When pulp prices rose in the mid-1980s, mills looked for ways to economize, and many of them converted to the alkaline process so that they could substitute cheap calcium carbonate for expensive pulp. During the 1991-93 recession, when demand for paper slackened and recycled pulp was starting to compete on the market, alkaline conversions fell off markedly.
Now market pulp prices have risen again, according to a note on p. 3 in the October Papermaker. The market pulp relied upon by Fletcher Paper's Watervliet mill, a specialty papers mill, now costs 80% more than it did at the first of the year. The mill has been closed temporarily, until market conditions warrant resumption. The rise in the price of pulp is an unfortunate development for the Watervliet mill, but in the long run it may be good news for consumers of alkaline paper.
Another result has been that paper prices have risen. Since last April, the price of uncoated offset has risen about 30%; supplies are short; direct mailers are scrambling to get in as many mailings as possible before rates rise next year, which means increased demand; and because of the shrinking U.S. dollar, low-priced imports from Europe, Japan and Brazil have dropped sharply, according to an article in the October Direct, a direct mail magazine. (3B3.7)
ASTM's Institute for Standards Research has issued a research proposal on "the effects of aging on printing and writing papers." Now it is looking for research proposals from organizations willing and able to do the complex research required, and for sources of financial support for the program. A meeting will be held at ASTM Headquarters to outline the program to potential sponsors. For details call Kathleen Riley at ISR, 215/299-5527. (3B1)
Ecusta, a division of P.H. Glatfelter Co., located in Pisgah Forest, North Carolina, was certified under ISO 9002 in August. The ISO 9000 series of quality standards is used in 76 countries around the world.
Elio Passaglia, author of The Characterization of Microenvironments and the Degradation of Archival Records: A Research Program (APA, Oct. 1994, p. 25d), died July 25 at the age of 73. He retired in 1986 from the metallurgy division at the National Bureau of Standards (now NIST), about the time he completed this project. [Information from ASTM Standardization News, Nov. 1994]
The American National Standards Institute (ANSI) and the National Institute of Standards and Technology (NIST) have signed a cooperative agreement to jointly lead the effort to develop the National Standards Systems Network (NSSN). The NSSN eventually will link the databases of hundreds of U.S. organizations involved in the development, production, distribution and use of technical standards. When operational in five years, the NSSN will provide cataloging, indexing, searching and routing capabilities to end users--allowing access to the entire range of regional, national and international standards. Contact David Cranmer, B115 Polymer Bldg., NIST, Gaithersburg, MD 20899-0001 (301/975-5753). (From ASTM Standardization News, Oct. 1994, p. 6) (1B)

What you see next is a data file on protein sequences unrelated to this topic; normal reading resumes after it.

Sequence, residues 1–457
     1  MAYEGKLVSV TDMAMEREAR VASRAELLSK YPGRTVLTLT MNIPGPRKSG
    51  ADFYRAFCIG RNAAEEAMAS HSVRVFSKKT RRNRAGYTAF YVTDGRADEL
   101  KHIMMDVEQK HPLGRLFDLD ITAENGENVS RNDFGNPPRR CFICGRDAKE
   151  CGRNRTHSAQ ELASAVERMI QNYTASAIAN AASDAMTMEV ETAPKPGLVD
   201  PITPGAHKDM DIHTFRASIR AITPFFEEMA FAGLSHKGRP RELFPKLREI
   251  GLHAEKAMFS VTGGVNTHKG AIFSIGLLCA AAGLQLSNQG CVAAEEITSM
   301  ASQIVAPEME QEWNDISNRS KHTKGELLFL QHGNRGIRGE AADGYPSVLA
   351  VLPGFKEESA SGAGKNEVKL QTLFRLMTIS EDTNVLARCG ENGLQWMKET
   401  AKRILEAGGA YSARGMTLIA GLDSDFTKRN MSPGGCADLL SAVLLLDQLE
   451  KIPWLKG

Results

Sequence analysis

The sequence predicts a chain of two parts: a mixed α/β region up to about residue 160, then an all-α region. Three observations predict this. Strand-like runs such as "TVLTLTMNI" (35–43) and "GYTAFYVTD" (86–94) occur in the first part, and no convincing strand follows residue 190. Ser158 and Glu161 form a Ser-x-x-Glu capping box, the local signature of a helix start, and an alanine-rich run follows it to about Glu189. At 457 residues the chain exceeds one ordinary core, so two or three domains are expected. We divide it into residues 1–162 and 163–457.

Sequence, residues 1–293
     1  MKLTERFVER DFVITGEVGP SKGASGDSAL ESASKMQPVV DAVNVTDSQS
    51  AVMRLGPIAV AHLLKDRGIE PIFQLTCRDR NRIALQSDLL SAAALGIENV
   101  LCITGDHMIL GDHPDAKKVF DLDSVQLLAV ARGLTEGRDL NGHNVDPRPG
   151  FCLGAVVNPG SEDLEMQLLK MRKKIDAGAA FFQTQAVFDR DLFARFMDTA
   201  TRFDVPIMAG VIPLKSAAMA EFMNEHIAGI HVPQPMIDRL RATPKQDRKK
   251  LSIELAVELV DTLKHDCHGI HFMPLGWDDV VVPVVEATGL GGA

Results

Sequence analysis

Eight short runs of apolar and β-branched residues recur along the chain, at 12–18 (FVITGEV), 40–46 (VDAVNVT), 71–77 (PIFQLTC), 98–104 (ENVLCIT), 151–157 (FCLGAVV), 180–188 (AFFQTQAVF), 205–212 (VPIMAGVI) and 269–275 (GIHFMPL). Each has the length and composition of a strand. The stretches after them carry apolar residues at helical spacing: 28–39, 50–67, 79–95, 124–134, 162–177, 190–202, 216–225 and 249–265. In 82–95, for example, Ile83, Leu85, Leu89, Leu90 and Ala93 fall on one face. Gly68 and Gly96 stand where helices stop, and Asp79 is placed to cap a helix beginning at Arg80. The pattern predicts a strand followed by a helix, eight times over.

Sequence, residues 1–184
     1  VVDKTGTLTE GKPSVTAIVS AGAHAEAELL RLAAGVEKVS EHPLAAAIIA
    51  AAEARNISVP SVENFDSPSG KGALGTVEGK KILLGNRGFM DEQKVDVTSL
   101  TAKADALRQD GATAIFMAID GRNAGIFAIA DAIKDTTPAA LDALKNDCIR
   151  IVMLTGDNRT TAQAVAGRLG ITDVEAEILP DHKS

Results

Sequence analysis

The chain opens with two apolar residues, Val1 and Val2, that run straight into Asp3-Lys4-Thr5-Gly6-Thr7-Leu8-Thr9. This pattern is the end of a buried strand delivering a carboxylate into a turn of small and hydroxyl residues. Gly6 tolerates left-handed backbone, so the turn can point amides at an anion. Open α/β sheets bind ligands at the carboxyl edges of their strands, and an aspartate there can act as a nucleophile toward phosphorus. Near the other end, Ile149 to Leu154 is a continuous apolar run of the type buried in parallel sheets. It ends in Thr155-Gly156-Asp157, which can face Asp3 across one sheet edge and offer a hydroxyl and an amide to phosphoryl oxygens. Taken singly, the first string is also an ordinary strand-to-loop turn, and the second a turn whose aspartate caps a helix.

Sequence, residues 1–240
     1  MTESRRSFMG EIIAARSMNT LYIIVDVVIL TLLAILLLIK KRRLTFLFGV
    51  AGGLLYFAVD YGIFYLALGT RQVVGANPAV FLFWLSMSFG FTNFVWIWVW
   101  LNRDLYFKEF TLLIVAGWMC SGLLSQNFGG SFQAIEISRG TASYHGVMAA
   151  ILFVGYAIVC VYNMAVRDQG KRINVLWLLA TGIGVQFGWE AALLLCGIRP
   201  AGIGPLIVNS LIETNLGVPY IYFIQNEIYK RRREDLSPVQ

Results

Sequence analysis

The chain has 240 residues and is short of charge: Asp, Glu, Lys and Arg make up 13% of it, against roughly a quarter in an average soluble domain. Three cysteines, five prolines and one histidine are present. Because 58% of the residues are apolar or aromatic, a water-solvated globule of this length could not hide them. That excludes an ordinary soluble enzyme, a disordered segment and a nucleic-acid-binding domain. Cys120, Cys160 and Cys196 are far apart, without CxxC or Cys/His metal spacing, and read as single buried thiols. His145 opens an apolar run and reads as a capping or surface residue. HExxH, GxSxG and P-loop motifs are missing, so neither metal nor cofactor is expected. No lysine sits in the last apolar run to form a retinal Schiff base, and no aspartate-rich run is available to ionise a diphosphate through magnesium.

The Finnish Pulp and Paper Research Institute (KCL) had five recycled fiber research projects underway in 1993, which are briefly reported in Pulp & Paper Canada 95:7 (1994), on p. 52. One project concerned the undesirable residues in recycled fiber. It found that paperboards produced from undeinked recycled fiber contain large numbers of micro-organisms and fungi. (2H1.1)
The University of Manchester Institute of Science and Technology has several research projects going that relate to paper conservation or paper permanence. One of them concerns the aging of papers containing chemithermomechanical pulp (CTMP): the interaction between discoloration by light and the loss of mechanical strength, interaction of lignified papers with atmospheric pollutants, and methods of measuring the degree of polymerization of lignified pulps.
Another project, on nondestructive testing to monitor physical changes with aging, found that ultrasonic testing methods were little help in monitoring. However, they have not given up: the report in the September Paper Conservation News says, "an alternative microprobe test has given good indications of aging" and is the subject of an ongoing Ph.D. thesis. (3B1.7)
International Paper Co. has shut down its Union Envelope converting plant in Richmond, Virginia, because of market factors. The plant's general manager, Robert N. Turnbull, is quoted in the October Papermaker as saying, "With the growth of communication by fax and E-mail, there's less demand for envelopes. Postal increases also reduce the volume of business mail. There are simply more envelopes out there than the available market can use." (3B3.7)
S.D. Warren, which led the country in producing alkaline fine papers for many decades before neutral sizes were invented, has been a subsidiary of Scott Paper Co. since 1967. Scott, basically a consumer products manufacturer, put Warren on the market over five months ago. Recently a global investment group headed by Sappi, Ltd., South Africa's leading paper and forest products company, signed an agreement of sale for $1.6 billion. The sale is expected to close by mid-December after certain conditions are met.
Sappi is a large and growing company, a producer of coated freesheet paper and dissolving pulp. Warren, with four mills, is the world's largest manufacturer of coated freesheet used in high-quality magazines and annual reports. The purchase is seen as good for both companies. (3B3.7)